|Document ID (ISN)||111707|
|ISSN - Serial title
||0271-3586 - American Journal of Industrial Medicine
|Convention or series no.
||Rabito F.A., Perry S., Salinas O., Hembling J., Schmidt N., Parsons P.J., Kissinger P.
||A longitudinal assessment of occupation, respiratory symptoms, and blood lead levels among Latino day laborers in a non-agricultural setting
||2011, Vol.54, p.366-374. 41 ref.
||The reliance on Latin American migrant day labor in the United States is increasing. Prospective data on day laborers' work and health experience in non-agriculture settings are lacking and outcomes are generally restricted to injury rates. This study was conducted to quantify the number of job and job task changes held over 12 months in a cohort of 73 migrant day laborers and assessed the relation between work type, health symptoms and blood lead level. On average, participants worked 2.4 different jobs over the past year averaging 41.5 hr per week. Construction work was associated with a twofold increase in sinonasal and respiratory symptoms in both adjusted and unadjusted models and was associated with increased blood lead levels. It is concluded that despite day labor status, workers had relatively stable employment. Respiratory symptoms were common and often improved when away from work suggesting that workplace irritant exposure is likely. Migrant day laborers working in construction are vulnerable to adverse health effects associated with irritant and lead exposure.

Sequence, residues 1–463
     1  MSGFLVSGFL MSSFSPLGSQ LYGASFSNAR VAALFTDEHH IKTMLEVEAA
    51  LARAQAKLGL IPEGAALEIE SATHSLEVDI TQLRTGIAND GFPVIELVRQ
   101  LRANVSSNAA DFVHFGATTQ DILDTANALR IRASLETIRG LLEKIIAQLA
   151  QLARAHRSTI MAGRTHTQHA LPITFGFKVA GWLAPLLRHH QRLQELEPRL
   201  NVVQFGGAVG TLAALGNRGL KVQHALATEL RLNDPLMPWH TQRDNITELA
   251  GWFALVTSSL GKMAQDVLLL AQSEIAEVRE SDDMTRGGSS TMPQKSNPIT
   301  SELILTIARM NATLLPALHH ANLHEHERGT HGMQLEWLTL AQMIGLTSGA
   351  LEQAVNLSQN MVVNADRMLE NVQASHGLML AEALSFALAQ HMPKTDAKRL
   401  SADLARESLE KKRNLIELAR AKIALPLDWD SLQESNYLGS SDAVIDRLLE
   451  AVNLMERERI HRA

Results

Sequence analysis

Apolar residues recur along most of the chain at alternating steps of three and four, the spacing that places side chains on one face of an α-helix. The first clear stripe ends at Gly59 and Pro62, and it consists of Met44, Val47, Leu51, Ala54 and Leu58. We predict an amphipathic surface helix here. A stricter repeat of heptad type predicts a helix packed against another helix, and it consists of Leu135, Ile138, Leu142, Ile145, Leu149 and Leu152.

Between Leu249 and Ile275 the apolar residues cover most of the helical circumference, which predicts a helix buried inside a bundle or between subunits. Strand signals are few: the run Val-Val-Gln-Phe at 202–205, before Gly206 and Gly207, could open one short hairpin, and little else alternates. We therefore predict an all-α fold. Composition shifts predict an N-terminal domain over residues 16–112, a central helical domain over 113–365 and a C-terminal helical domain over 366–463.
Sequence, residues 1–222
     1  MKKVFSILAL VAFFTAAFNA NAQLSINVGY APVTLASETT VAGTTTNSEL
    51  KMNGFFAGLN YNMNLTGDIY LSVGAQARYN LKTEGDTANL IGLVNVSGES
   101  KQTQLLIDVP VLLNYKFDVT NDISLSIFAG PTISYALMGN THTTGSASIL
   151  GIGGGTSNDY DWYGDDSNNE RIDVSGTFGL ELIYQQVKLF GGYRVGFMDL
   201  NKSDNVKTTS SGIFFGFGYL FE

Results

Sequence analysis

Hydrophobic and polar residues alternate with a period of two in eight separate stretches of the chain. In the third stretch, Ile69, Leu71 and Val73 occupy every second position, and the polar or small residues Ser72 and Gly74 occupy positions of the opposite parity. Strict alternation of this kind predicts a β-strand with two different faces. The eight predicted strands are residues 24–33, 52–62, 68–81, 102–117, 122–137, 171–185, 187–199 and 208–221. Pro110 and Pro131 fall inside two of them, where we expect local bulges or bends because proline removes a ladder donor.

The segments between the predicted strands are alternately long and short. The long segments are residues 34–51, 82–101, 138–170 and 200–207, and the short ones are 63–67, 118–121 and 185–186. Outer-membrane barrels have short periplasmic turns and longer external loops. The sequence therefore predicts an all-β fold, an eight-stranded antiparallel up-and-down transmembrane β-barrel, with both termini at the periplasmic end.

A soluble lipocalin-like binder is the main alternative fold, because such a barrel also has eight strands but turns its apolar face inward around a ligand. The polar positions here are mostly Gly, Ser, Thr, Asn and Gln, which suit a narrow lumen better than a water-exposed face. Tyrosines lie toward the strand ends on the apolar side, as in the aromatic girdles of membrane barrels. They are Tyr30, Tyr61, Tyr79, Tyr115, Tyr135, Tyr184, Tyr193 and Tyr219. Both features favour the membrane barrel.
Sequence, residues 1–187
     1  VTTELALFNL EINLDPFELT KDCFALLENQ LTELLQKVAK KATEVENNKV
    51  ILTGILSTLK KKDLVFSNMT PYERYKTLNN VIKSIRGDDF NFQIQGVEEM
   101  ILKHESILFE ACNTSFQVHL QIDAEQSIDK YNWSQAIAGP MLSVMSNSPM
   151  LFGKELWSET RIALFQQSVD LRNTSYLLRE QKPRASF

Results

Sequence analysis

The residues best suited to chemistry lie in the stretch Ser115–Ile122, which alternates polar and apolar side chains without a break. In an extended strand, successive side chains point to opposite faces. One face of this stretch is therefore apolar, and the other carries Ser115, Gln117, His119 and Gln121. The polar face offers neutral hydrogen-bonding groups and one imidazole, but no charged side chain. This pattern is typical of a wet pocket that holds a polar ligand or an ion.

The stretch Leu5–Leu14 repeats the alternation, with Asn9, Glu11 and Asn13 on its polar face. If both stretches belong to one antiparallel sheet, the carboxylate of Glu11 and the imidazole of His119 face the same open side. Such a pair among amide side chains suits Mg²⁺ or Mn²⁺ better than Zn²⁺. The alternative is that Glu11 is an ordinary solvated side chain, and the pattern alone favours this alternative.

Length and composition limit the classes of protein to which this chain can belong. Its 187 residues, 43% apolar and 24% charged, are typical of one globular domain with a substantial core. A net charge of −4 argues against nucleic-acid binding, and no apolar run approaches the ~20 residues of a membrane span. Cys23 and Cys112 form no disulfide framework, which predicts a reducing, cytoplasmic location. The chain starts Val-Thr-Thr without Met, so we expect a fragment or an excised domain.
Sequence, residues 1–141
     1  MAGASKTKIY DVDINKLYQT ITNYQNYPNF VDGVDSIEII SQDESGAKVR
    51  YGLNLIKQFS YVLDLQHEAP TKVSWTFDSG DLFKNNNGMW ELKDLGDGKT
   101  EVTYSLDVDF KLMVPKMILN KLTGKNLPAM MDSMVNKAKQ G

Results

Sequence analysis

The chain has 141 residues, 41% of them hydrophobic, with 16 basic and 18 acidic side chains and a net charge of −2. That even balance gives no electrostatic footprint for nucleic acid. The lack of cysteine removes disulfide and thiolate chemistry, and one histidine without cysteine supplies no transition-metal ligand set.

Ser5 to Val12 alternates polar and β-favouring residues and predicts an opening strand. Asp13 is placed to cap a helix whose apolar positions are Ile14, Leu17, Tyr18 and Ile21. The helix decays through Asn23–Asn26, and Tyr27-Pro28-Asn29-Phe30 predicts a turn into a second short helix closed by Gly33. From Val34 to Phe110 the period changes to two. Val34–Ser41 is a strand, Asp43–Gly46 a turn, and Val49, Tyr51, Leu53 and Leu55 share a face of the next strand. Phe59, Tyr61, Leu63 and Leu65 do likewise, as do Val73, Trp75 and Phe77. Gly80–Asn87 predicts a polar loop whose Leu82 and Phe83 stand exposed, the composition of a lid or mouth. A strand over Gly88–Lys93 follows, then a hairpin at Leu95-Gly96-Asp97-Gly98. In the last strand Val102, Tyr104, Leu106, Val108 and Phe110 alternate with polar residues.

||USA; lead and compounds; respiratory diseases; migrant workers; terms of employment
||irritants; occupation disease relation; symptoms; determination in blood; exposure evaluation; cohort study; statistical evaluation; domestic and related helpers, cleaners; construction industry
||D - Periodical articles
|Broad subject area(s)
||Industries and occupations
Occupational medicine, epidemiology
||Diseases of the respiratory system (except for pneumoconiosis & similar)
Construction industry and civil engineering
Lead and compounds